The cost of food is rising, but it doesn’t mean that you need to compromise on nutrition. You may need to compromise on convenience, but that’s not a bad thing!
Part of the reason why many people are feeling the squeeze on the weekly shop is because we have become accustomed to seeing meals as a chore and rely on quick fixes to feed ourselves, rather than nourish our bodies.
So, the rising food costs provide both a challenge and an opportunity. A chance to get back in the kitchen, reacquaint ourselves with simple, whole foods (without compromising flavour) and cut back on costs.
Step 1: Get your Priorities Straight.
There are essential components of a healthy diet to keep your body healthy. Your meals across the day should include:
Vitamins and minerals.
These are essential for good immunity, brain, hormone and cardiovascular health, good energy, moods, sleep and blood glucose management. They are accessible on a budget – details below.
Step 2: Get in the Mindset
You will probably need to spend a little more time in the kitchen. This might mean outsourcing some simpler jobs to children (of the right age!), and other members of the household. This is ideal, as you are passing on life skills and enabling self-sufficiency down the track. Set aside time each week to think about food for the coming days.
Plan your meals – a weekly meal plan helps you to be organised and only buy what you need at the supermarket
Write a shopping list – going to the supermarket and freestyling is a bad idea if you want to keep an eye on costs. Just buy what you need, and you’ll save pennies and limit waste.
Batch cook – putting the oven on to roast a chicken? Why not put in two? Or roast a tray of vegetables for meals later in the week? Double up on portions for an easy lunch of leftovers or the freezer.
Freeze – The freezer is your best friend. If you have the space, it is useful for storing batch cooked meals, or fruit, veg or meat/fish that you have bought on offer/in bulk.
Build your confidence - If you are not confident in the kitchen, start with by trying 1-2 simple recipes a month and go from there.
Step 3: Get Savvy
Read labels. This sounds obvious, but the real cost of items is not always clear. Look at the price per 100g to see if you are getting value for money.
Use your nose. Just because something is near a use-by date, doesn’t mean it is for the bin. Use your common sense – if it smells odd, it’s probably not ideal to eat. If is looks and smells fine, it’s probably OK. Smell and Taste, Don’t Waste.
Don’t buy pre-cut vegetables. These are MUCH more expensive, and you might lose out on some nutrients. It only takes 5 minutes to prep your vegetables. Plus you’ll be cutting down on plastic waste. Please, grate your own cheese.
DIY. Find out the items that are costing you the most and consider alternatives. For example, it is much cheaper to make your own oat milk, and very easy.
Step 4: Make your Life Easier.
Invest in kitchen equipment that make your life easier. My top recommendations are:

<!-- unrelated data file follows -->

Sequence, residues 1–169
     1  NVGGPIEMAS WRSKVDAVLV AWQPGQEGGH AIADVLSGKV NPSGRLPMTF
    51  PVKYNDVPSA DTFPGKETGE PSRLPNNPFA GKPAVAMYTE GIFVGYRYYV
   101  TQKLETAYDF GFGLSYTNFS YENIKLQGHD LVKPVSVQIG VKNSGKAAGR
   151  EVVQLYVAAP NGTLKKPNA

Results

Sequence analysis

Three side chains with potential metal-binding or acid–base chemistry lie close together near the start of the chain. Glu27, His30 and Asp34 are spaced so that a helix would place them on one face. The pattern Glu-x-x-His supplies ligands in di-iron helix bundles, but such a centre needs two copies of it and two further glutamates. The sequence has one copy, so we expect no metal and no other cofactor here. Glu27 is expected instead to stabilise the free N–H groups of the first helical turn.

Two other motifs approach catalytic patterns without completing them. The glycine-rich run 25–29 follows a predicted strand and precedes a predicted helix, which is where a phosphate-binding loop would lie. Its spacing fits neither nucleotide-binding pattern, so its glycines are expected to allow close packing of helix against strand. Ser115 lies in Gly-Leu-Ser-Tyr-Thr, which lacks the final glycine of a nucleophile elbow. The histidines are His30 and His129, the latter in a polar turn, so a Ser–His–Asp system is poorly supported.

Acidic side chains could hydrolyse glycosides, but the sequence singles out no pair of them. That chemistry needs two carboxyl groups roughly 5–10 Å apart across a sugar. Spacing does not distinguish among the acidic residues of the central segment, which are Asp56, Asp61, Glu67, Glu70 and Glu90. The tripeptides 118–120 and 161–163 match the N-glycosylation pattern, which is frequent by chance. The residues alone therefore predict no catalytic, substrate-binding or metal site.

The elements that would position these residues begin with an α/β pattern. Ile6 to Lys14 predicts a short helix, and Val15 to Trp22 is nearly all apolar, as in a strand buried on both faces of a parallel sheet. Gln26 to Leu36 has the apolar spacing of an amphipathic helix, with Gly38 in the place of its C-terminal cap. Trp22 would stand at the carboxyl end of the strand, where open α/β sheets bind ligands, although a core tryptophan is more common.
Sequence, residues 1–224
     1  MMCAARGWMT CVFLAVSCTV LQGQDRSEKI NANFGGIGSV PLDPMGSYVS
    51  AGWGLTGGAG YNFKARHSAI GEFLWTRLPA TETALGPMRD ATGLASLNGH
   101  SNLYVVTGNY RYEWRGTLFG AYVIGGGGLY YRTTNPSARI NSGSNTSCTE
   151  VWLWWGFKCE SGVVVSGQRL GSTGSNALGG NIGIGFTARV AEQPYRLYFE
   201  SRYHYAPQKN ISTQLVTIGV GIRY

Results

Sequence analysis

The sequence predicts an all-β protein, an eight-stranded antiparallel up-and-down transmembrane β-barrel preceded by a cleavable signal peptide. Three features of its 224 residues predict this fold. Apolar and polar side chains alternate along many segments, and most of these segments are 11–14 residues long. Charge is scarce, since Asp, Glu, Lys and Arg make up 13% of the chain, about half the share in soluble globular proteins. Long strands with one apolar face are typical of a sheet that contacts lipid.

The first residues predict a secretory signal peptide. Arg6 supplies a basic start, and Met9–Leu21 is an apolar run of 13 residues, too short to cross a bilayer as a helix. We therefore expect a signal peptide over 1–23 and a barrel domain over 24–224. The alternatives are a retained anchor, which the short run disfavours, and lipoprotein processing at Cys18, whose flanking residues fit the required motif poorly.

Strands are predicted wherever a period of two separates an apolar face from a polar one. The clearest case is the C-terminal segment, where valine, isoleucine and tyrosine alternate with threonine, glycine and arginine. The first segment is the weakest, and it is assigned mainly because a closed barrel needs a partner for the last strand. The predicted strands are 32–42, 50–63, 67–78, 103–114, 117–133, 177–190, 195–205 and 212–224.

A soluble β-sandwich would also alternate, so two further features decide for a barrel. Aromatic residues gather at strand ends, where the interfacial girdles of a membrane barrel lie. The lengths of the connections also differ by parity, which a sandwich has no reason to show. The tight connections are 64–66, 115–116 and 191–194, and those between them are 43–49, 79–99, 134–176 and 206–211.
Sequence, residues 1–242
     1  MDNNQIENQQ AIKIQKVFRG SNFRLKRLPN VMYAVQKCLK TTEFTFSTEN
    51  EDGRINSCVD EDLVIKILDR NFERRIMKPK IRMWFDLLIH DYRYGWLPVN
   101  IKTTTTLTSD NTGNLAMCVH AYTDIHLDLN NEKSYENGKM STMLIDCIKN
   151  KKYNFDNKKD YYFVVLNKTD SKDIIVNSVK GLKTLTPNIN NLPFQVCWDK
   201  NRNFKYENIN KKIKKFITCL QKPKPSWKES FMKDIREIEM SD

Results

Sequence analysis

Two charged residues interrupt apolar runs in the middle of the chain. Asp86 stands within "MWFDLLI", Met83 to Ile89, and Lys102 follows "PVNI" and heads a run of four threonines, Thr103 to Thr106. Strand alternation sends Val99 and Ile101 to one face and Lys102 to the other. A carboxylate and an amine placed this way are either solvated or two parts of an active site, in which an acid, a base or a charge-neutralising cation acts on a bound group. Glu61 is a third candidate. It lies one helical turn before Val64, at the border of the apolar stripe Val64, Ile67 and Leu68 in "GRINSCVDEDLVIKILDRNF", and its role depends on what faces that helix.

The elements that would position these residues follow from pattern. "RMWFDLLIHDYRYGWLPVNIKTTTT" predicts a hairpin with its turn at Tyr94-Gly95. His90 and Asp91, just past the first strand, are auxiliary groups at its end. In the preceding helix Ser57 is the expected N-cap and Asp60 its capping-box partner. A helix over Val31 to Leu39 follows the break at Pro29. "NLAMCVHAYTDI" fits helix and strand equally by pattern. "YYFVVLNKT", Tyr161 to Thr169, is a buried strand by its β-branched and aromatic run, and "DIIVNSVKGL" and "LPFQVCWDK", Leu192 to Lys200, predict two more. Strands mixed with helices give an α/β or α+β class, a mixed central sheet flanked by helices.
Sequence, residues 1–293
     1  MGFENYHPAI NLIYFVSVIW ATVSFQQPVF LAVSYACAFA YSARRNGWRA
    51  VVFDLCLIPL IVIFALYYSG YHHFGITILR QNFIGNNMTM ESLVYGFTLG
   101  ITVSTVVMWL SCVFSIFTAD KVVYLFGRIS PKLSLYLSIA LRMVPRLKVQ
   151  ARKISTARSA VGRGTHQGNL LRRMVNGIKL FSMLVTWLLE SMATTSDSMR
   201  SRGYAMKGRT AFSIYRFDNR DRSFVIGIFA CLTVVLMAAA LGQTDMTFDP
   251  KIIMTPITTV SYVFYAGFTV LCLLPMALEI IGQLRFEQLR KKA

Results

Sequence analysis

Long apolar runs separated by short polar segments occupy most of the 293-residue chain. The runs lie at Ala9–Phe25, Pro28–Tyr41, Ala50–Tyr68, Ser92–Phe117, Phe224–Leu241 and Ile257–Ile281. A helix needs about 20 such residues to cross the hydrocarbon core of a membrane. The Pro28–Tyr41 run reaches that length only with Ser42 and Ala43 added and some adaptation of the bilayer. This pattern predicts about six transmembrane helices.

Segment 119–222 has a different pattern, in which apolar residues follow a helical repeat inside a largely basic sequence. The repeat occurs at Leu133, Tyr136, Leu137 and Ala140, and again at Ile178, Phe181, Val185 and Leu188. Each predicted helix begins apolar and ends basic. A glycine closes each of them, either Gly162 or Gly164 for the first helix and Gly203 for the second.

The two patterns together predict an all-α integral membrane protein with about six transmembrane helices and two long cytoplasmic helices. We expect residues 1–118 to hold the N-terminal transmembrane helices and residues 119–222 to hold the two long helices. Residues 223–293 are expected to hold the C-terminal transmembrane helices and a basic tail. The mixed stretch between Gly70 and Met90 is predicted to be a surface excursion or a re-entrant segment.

Proper knives. This might sound ridiculous, but having a couple of good, sharp knives makes preparing food 100% easier. You might only need to get a decent knife sharpener (not expensive) and give your existing knives a refresh.
Slow cooker or pressure cooker. A great way to prepare delicious meals using cuts of meat that need longer cooking. Popping a meal in one of these also means you have something ready for dinner in advance.
Freezable / oven-proof containers – Good glass containers are great for storing food, and reheating.
Step 5: Know your Foods that are Healthy and Inexpensive!
Here are my top healthy hero foods that don’t cost the earth!
Legumes: Add beans, lentils and chickpeas to soups, stews and curries. They are cheapest bought dry, but tinned options are also cost-effective and handy for a quick meal. They are full of protein, fibre and minerals and we should all be eating more of them.
Eggs: Nutrient powerhouses. They are a great source of protein, iron, vitamin B12 and choline. They can be cooked in so many ways and are one of the cheapest forms of protein. Try my Huevos Rancheros for a healthy, filling and cheap brunch or dinner.
Cheaper cuts of meat: Ask your butcher for cheaper cuts of meat like shin, brisket or oxtail. They need low and slow cooking, but the taste is much better. All type of liver are also extremely nutrient dense and VERY cheap. Try my recipe for chicken liver pate.
Frozen or tinned oily fish. Oily fish are full of essential omega 3 fats (for brain and immune health). Better quality wild salmon is much cheaper from the freezer or from a tin, and other fish like mackerel or sardines are easy to make into pasta sauces or fish cakes.
Vegetables in season. It is much cheaper to buy vegetables in season. Find a local farmer’s market and make the most of seasonal gluts. From a nutrition perspective, you can’t go wrong with cabbage, broccoli, spinach, beetroot and garlic.
Hopefully this will help you think about some different choices when it comes to balancing nutrition, budget and convenience. Good luck!
Need more detail? I offer Healthy Eating on a Budget workshops and webinars for organisations. Please get in touch to find out more.